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Americana Corner: The rise of political parties
tom hand new

When President George Washington retired in 1796, he devoted much of his Farewell Address to warning his fellow citizens about the danger of forming political parties. Unfortunately, the politicians did not listen.

Thomas Jefferson, as a Democratic-Republican, challenged Vice President John Adams, a Federalist, for the Presidency. Adams prevailed in a close election that saw campaigning between rival political parties for the first time in America.

For the most part, Jefferson’s party dominated the south and the Federalists held sway in the middle Atlantic and New England states. When Adams was elected President, his Federalist party also controlled both the Senate and the House. Four short years later, the reign of the Federalists would come to an end.

In the election of 1800, the Democratic- Republicans won control of both houses of Congress and the White House as Jefferson won a bitter reelection contest against Adams. While Jefferson won the White House, he lost a dear friend in Adams as Jefferson’s followers were harshly and unfairly critical of John Adams.

In any event, for the next twenty-four years, the Democratic-Republicans would dominate the American political landscape like no party has ever done, making America essentially a one-party country.

Their nominees for President (Thomas Jefferson, James Madison, and James Monroe, all Virginians) were elected to three straight two-term Presidencies. That has never happened again.

Additionally, the election of 1820 was unique in that Monroe ran unopposed for President as the Federalists did not even offer a candidate for the election. That as well has never happened again.

The party also dominated both the Senate and House of Representatives so completely that the Federalists were almost nonexistent. In fact, by the end of the Monroe administration, the Senate had 44 Democratic-Republican senators and only 4 Federalists. The House split was 189 Democratic-Republicans and only 24 Federalists. Incredibly, the Democratic- Republican party had 90% of the seats in Congress. That lopsided percentage has never been matched.

For 24 years, every region of the country seemed to want the same policies and the same national leaders. From the Deep South to our northern border with Canada, except for a few small pockets in New England, Democratic-Republicans won all the national elections.

This period, the final eight years of which have been dubbed the “Era of Good Feelings,” came to a crashing halt with the Presidential election of 1824. Hard edged tactics by Andrew Jackson and his Western supporters splintered the Democratic-Republicans and they ended up fielding four different candidates for President. Consequently, no candidate received enough votes for a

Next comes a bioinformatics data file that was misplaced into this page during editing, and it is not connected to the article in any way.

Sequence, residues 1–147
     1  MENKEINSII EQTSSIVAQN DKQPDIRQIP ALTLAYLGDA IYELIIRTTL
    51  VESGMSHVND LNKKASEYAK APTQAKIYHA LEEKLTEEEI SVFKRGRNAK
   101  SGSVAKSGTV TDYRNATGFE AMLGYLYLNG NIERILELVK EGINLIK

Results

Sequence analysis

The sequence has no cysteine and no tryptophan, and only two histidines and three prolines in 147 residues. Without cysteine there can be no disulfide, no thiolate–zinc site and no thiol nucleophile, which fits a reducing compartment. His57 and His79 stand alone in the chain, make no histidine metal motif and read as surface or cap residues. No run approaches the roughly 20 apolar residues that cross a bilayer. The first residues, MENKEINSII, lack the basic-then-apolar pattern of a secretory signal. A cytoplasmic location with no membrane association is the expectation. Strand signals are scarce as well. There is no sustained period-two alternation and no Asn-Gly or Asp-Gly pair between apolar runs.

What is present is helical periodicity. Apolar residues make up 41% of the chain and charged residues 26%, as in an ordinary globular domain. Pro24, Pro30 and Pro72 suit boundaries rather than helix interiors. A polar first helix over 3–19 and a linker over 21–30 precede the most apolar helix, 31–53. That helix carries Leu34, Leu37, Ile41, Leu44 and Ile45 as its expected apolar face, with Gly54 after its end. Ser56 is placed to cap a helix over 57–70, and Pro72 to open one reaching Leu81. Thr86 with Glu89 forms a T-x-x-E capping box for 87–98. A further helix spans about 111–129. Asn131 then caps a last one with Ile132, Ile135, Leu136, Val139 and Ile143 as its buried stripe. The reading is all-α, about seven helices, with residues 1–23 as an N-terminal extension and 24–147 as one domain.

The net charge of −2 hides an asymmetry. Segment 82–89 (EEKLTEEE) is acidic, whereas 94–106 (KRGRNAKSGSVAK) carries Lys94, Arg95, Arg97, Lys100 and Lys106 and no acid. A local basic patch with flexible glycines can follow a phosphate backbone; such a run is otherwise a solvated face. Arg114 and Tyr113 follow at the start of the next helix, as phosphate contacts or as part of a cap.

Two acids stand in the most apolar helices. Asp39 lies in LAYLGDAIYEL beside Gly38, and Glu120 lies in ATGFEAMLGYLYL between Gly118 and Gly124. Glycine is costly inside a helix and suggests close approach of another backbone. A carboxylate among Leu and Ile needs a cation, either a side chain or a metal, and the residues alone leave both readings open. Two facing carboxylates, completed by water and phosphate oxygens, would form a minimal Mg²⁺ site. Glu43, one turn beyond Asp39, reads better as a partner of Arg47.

clear majority of the Electoral College to become our sixth President. In our nation’s first contested Presidential election, the House of Representatives selected John Quincy Adams, the son of former President John Adams, as President over Jackson despite Jackson winning the most votes in the popular election.

Andrew Jackson howled loud and long claiming the election was rigged against him and, four years later, he defeated John Quincy Adams in a rematch for President. Due to the animosity and hard feelings created by Jackson, the party founded by Jefferson was finished as a political entity.

In its wake, numerous political parties emerged: Democratic Party (same party as today), Whig Party, Anti-Masonic Party, Free-Soil Party, Constitutional Party, Native American Party, and finally the Republican Party in 1854. Never again would our nation have as long a period of no-party or one-party rule as during our nation’s first fifty years.

WHY IT MATTERS: So why should our nation’s relative political unity during our founding era matter to us today?

From 1774-1824, the United States enjoyed twenty years with no political parties and another twenty-four years with essentially only one party, the Democratic- Republicans.

While differences existed within the nation and how the people viewed issues changed from time to time, during that period we were relatively united. It is probably this unity that allowed America to survive its fragile birth and come of age in its great experiment in democracy.

SUGGESTED READING: The Era of Good Feelings, written by George Dangerfield, is one of the finest books on the early 1800’s in America. Published in 1953, it won the Pulitzer Prize for History and is a must read for those interested in the pivotal early days of our republic.

PLACES TO VISIT: The Hermitage was the home of Andrew Jackson, one of America’s most impactful and influential early leaders. The beautifully restored estate is just outside Nashville, Tennessee, and a great place to visit.

Until next time, may your motto be “Ducit Amor Patriae”, Love of country leads me. 

In addition to being an American history buff, Tom Hand is a Ford resident, West Point alumnus and Army veteran. You can reach him through his website at

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